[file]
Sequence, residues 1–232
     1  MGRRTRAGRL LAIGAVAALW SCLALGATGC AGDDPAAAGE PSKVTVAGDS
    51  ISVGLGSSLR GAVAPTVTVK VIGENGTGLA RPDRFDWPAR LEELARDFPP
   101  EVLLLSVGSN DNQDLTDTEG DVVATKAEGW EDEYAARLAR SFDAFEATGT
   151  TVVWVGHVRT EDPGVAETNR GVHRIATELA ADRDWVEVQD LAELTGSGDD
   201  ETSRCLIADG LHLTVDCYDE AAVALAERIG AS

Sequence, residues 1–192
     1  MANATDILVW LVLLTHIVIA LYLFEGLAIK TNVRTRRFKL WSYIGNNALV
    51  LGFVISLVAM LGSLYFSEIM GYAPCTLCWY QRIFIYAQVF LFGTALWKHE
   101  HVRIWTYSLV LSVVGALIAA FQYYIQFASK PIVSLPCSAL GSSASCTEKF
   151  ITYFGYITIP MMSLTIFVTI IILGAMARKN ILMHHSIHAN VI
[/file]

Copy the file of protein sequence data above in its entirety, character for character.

Sequence, residues 1–232
     1  MGRRTRAGRL LAIGAVAALW SCLALGATGC AGDDPAAAGE PSKVTVAGDS
    51  ISVGLGSSLR GAVAPTVTVK VIGENGTGLA RPDRFDWPAR LEELARDFPP
   101  EVLLLSVGSN DNQDLTDTEG DVVATKAEGW EDEYAARLAR SFDAFEATGT
   151  TVVWVGHVRT EDPGVAETNR GVHRIATELA ADRDWVEVQD LAELTGSGDD
   201  ETSRCLIADG LHLTVDCYDE AAVALAERIG AS

Sequence, residues 1–192
     1  MANATDILVW LVLLTHIVIA LYLFEGLAIK TNVRTRRFKL WSYIGNNALV
    51  LGFVISLVAM LGSLYFSEIM GYAPCTLCWY QRIFIYAQVF LFGTALWKHE
   101  HVRIWTYSLV LSVVGALIAA FQYYIQFASK PIVSLPCSAL GSSASCTEKF
   151  ITYFGYITIP MMSLTIFVTI IILGAMARKN ILMHHSIHAN VI